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  • October 25, 2007

One of my biggest fears about planting a church is that church people will come to the church.

Hear me out.

For the most part, 2nd generation Indians (whose parents are from the southern part of India) grew up in the church. For cultural and theological reasons, not all, but a ton of these folks have left the mainline Indian churches, often in frustration, anger, and disappointment. Unfortunately, many of these guys have been wounded by the church and carry a deep bitterness towards it.

After they leave, some plug into local ‘American’ congregations and become woven into the life of their new church. Awesome. But for a large number, they’re sort of like driftwood, floating from one place to another hoping for something to bring them aground. And so they’ll visit one church cause they like the preaching but leave cause they don’t like the music. At another church they’ll love the music, but not find the teaching they’re looking for. It’s like no matter where they go, something is missing.

Now, part of this is because we’re sinful, 21st century, American, consumeristic, individualists who are trying to order up church like we do a sandwich at Burger King. “Hold the sermon, supersize the worship.” We need to repent.

But perhaps another reason for the restlessness is because deep down, what these folks are so desperately looking for is community. I thought about this during our ‘Open House’ this past weekend in Philly. One of the guys that showed up talked to me about how he was currently searching for a church in Philadelphia where the Gospel was preached and his family could sit under correct teaching. I’m guessing that this search is what brought him to us and to hear what we were going to be about. But as I heard that, I thought to myself, “Searching for a church in Philadelphia that faithfully preaches the Gospel. Ok, how long could that search take? One Sunday? Two? Three at the most.” I mean there are a ton of great churches in the area. There are three Acts 29 churches and a bunch of solid Presbyterian churches among others. It’s not like our group has an exclusive copyright on the Gospel that these other churches don’t. We’re not going to do church any ‘better’ than these guys. So then, what is this brother still searching for?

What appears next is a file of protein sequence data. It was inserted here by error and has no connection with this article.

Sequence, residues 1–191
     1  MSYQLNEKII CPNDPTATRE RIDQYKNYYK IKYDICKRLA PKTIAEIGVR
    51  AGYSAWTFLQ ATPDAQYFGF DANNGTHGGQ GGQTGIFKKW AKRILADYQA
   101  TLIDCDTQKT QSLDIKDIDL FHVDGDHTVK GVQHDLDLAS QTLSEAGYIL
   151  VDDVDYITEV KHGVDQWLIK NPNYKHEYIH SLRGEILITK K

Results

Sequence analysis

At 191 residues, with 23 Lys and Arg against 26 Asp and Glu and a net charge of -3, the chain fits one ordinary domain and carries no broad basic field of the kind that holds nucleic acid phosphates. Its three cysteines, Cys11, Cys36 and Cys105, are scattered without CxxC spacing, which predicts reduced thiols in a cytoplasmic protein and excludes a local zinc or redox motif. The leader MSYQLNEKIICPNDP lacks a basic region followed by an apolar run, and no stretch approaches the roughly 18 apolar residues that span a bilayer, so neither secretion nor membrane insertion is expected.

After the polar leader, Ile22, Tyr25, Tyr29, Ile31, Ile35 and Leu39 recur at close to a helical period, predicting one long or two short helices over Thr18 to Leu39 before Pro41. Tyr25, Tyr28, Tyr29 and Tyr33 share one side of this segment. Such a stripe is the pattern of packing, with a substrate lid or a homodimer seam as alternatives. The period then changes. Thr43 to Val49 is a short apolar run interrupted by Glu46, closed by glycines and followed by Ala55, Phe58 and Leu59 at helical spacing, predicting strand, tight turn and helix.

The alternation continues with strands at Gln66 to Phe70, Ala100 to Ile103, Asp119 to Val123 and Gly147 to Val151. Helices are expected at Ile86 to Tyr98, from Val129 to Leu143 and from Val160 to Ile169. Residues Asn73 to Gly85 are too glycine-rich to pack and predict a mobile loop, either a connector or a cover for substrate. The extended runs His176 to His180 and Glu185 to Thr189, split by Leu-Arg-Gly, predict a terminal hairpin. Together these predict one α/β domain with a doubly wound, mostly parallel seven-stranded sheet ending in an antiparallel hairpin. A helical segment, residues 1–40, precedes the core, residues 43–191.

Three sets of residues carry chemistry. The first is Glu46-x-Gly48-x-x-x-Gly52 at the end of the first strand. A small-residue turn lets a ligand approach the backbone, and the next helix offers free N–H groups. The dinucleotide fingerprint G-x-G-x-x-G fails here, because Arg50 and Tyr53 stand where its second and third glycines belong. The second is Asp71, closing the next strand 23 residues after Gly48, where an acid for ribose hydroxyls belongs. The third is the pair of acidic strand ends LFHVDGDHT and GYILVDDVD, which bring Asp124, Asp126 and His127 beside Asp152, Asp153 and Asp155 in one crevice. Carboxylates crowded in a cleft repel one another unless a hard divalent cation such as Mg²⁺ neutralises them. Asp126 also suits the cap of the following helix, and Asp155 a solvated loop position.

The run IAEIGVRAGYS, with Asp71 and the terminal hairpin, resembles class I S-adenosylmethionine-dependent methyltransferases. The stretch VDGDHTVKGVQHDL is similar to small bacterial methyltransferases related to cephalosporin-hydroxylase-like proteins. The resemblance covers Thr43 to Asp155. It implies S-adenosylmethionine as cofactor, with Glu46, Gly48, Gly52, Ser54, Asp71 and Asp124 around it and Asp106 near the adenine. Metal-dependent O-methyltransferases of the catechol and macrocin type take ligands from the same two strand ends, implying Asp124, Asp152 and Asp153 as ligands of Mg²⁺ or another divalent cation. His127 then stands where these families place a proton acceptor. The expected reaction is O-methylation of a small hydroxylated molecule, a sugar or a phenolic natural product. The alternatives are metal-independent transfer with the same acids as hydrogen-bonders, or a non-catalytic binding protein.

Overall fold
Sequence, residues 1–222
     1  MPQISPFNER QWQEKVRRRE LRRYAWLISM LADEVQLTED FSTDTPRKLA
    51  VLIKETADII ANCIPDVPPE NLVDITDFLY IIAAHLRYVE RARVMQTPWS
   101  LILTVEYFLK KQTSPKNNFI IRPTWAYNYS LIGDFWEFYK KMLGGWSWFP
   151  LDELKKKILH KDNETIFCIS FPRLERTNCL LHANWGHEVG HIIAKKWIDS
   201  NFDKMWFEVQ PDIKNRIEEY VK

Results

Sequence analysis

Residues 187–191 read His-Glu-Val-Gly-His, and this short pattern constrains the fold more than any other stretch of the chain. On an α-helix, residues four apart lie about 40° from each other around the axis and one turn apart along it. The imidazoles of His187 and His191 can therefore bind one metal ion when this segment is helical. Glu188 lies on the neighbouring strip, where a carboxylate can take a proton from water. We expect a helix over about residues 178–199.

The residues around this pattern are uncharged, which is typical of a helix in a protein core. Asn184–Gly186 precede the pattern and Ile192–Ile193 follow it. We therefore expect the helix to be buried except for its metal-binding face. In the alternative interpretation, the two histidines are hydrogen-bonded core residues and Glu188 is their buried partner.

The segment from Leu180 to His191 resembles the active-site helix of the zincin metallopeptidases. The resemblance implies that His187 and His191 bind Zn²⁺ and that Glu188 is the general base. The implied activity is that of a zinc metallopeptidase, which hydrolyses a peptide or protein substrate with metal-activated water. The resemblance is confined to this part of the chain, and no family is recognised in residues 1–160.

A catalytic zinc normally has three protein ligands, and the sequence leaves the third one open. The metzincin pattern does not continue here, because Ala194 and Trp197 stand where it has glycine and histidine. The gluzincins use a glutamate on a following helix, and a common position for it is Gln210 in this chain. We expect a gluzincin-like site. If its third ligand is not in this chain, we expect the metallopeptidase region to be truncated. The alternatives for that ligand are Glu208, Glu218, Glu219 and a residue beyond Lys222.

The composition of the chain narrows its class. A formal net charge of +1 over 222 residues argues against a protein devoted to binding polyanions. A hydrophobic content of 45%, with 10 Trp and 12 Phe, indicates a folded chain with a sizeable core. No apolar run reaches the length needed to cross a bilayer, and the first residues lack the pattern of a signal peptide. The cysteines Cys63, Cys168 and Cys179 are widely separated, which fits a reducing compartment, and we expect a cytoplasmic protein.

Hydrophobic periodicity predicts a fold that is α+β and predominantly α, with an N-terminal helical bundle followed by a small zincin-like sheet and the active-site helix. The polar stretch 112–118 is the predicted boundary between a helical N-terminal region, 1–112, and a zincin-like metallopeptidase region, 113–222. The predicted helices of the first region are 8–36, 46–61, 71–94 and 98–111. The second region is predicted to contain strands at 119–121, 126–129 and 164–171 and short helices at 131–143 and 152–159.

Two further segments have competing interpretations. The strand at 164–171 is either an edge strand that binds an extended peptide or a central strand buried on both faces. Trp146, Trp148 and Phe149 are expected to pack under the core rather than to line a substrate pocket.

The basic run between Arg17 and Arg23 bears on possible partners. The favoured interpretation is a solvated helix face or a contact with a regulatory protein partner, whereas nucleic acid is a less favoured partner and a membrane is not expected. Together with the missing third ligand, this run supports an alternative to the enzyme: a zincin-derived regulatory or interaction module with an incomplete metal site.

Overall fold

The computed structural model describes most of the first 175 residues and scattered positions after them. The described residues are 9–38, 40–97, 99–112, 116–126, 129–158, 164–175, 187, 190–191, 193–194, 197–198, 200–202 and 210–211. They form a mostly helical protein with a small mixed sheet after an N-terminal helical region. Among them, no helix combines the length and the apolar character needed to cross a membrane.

I could be wrong, but I think, maybe even at a subconscious level, what many 2nd generation Indian Christians are looking for is not just a church that faithfully preaches the Gospel, but a church that faithfully preaches the Gospel with an Indian community.

And therein lies my fear.

I don’t know if I want to plant a church that becomes the home for restless Indian Christians who are looking to hang out with more Indians. I don’t know if I want to pastor a bunch of disgruntled Indians who are mad at the churches they grew up in and will come to this church expecting it to be the solution. I don’t know if I want to lead a group of churched people who have preconceived ideas about how to do church and opinions about everything. “You should have liturgy. You should sing Chris Tomlin. You should dress casual. You should dress up. You should preach 30 minutes verse by verse. You should preach for an hour topically. You should have a weekly Bible study, a Sunday school, a youth group, and a couple’s fellowship…you need a couple’s fellowship.” Man, I can get excited about planting a church to reach people who don’t know Jesus. But I don’t know if I want Christians.

And then it hit me. (I think the “it” was the Holy Spirit)